10 replies [Last post]
Anonymous's picture

I notice that sora/tiagra components are included in most of the entry level bikes. How is this level of component? I'm in the market for my first road bike, and I'm carrying extra weight on my body's frame, so I'm not concerned about weight of the components. Are the sora/tiagra sturdy and durable? Is there a big difference in ease of shifting, as compared to the next level up (105?) Is the difference between the entry level and one level up very significant?
Any and all thoughts appreciated!

Anonymous's picture
Bill (not verified)
My 2 pesos

I think go for the bike with the cheaper parts to start. It'll get you hooked, and eventually you can either make a better upgrade (Ultegra or up) or just get a whole new bike! The 105 stuff is a bit lighter, but I wouldn't say it has a much longer life then the entry level stuff. I put more than 15,000 miles on a sora/tiagra bike with minimal mechanical problems. Just keep it lubed, and clean.
good luck!

Anonymous's picture
Robert Shay (not verified)

Check out the site Look under the section reviews and then groupos. It will give you many user opinions on the different shifting systems.

If you are interested in road bikes and you believe you may ride it for years, also check out and look at two entry level models - 1200 and 1500. They retail for about $1,000 and are highly rated by user reviews on the site above. I got hooked on Trek because of the lifetime warranty on the frames. The company has been very good to me over the past 12 years. Trek replaced a ten year old frame that cracked with a new frame and on another bike they repainted it because one decal was peeling off. They did it very quickly with no cost to me.

Good luck,

Anonymous's picture
<a href="">Peter O'Reilly</a> (not verified)
Rhymes with Viagra

I'd recommend sourcing a bike that has Tiagra shifters which are 9 speed v. 8 with Sora. With 10 speed bike parts in full bloom (Shimano is releasing 10spd group for 105, the next level up from Tiagra this spring), sourcing and choice of different 8 speed replacement parts, i.e. various cassette combos, chains, shifters, etc. will be a bit more limited than 9 speed, if it is not already the case. You may find the Tiagra shifter design to be more favorable, too. The incremental cost of Tiagra over Sora should not be that much.

Anonymous's picture
Ahuman (not verified)

I would go for 105's anything lower then that will not hold up,
and only have to be upgraded later. It seem you have weight so I would be concern with the stopping power.
Another way I look at it would be who gets dropped!
Lets say all things are equal the same weight, the same bike.
but one has 105 and the other has sora/tiagra.
Its time to change gears 105 will change smoother and sure.
sora/tiagra may miss or drop the chain in the wrong gear you have to reshift to get in the right gear.. but now you are dropped and have to work to catch up.
Just my .02
I hope to see you out there

Anonymous's picture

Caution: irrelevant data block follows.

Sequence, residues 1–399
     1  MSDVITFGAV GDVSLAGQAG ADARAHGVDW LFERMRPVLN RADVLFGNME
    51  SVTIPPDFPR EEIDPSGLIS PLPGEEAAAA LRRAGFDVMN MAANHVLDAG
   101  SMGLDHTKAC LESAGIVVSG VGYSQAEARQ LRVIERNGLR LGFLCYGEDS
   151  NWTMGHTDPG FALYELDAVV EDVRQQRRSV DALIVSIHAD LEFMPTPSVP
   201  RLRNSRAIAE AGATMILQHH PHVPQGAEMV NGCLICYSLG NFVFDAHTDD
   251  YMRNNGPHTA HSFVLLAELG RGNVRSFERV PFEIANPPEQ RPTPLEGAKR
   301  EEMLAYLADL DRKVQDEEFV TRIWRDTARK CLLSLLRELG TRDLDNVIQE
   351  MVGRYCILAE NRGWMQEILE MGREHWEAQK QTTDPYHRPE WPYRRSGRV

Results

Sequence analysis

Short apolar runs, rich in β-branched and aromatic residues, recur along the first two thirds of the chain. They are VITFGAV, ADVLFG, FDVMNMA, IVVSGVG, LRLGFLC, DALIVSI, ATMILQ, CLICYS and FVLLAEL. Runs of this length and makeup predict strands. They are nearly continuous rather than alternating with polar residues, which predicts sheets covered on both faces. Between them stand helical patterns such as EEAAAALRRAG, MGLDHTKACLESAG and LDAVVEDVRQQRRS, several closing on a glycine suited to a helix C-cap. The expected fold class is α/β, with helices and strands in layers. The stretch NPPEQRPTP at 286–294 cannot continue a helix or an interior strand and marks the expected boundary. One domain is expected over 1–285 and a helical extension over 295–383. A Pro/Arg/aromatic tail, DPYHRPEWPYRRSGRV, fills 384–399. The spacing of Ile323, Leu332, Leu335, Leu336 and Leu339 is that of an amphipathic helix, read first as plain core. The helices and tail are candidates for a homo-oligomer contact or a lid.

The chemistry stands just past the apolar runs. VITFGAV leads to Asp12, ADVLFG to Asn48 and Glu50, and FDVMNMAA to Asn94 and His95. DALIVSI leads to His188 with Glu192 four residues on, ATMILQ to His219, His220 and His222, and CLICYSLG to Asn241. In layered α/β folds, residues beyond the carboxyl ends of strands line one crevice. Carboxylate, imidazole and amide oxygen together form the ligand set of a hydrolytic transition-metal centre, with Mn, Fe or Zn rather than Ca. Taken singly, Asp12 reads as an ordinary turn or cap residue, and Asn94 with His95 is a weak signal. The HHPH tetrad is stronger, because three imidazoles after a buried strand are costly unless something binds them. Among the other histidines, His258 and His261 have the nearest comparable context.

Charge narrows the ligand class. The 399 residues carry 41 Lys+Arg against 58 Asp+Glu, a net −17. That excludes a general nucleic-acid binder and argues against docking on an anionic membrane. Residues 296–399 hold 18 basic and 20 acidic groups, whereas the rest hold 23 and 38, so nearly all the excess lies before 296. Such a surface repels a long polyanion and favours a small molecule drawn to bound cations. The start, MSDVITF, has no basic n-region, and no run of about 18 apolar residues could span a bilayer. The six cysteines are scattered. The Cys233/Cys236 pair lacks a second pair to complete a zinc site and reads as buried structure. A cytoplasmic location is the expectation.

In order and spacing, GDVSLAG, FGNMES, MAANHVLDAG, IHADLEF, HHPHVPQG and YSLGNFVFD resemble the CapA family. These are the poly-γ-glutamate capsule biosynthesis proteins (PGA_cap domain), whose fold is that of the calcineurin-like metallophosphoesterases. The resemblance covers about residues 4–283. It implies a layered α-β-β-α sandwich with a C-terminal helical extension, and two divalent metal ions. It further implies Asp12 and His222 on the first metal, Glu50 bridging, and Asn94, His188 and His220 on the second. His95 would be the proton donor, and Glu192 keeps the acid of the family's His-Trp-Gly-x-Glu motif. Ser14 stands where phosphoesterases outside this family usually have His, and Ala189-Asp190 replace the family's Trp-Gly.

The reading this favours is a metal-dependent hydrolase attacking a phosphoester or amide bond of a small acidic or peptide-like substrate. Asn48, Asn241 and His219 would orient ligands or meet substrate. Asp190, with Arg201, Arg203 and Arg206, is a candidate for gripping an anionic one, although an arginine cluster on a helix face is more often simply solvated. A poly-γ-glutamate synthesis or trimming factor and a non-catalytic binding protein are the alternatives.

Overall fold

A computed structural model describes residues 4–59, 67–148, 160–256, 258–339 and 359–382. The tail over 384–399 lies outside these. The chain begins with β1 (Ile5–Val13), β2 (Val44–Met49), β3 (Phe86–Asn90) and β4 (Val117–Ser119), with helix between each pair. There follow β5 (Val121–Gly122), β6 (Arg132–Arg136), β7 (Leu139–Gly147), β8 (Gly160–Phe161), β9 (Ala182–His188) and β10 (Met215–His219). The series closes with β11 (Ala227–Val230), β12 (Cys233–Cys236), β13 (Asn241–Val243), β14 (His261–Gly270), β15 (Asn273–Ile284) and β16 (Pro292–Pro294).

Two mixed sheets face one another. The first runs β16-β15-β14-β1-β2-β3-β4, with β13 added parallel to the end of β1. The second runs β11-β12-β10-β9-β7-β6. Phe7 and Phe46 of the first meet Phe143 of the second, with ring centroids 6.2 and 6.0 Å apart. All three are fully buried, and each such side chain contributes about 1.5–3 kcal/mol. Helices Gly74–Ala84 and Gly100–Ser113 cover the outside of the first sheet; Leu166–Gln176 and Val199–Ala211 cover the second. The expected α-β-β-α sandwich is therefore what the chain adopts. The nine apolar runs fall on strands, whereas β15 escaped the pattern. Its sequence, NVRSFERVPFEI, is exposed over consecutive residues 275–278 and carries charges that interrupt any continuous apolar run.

Bill Vojtech (not verified)
durability vs. performance

From what I've seen, the lower level components perform quite well, but may not hold up as long as the higher end stuff.

Over time this may mean that shifting gets sloppy or that parts fail out on the road.

I've got 2 bikes with 105 and one with DuraAce. All perform just fine. The 105 has a softer feel in the shifting, the DuraAce is crisper. Barring a crash, I expect they could outlast me.

Anonymous's picture
somebody (not verified)

I agree with the views here.
Go Shimano 105 or up.
You will not regret it.

10 speed if you can afford it, otherwise look for good deals on 105 9 speed bikes.

Anonymous's picture
Peter (not verified)

Go with the 105. I have ridden bikes with Sora, Tiagra and 105. The 105 group is much smoother than the Sora or Tiagra groups. I had many missed shifts when I rode bikes with Sora and Tiagra groups – especially on uphills!

Anonymous's picture
Jonathan (not verified)
Tiagra etc

I have a Cannondale R500 with Tiagra shifters/brakes and front derailler and 105 in the back. It works pretty well though shifting can be a little clunky. I realized this when I rode a full Dura-Ace bike that shifts like butter in comparison. Aside from the clunkiness and some squeeking my combination has held up well in its first 500 miles. A bike mechanic told me he sees lots of Sora components needing repair in his shop and recommended at least Tiagra to start. Go with what you can afford is the obvious answer.

Anonymous's picture
Newbie (not verified)

Thanks for all these opinions. Any thoughts on the most economical road bike with 105 components?

Anonymous's picture
"Chainwheel" (not verified)
Not a good idea

" >>Any thoughts on the most economical road bike with 105 components?

That is not a good approach. The most important thing is a frame that provides a good fit and ride. Components can be replaced if they wear out. The frame can't (well, not easily).

Choose a bike by how it fits and rides. Components are secondary. Tiagra/Sora are ok to get started.


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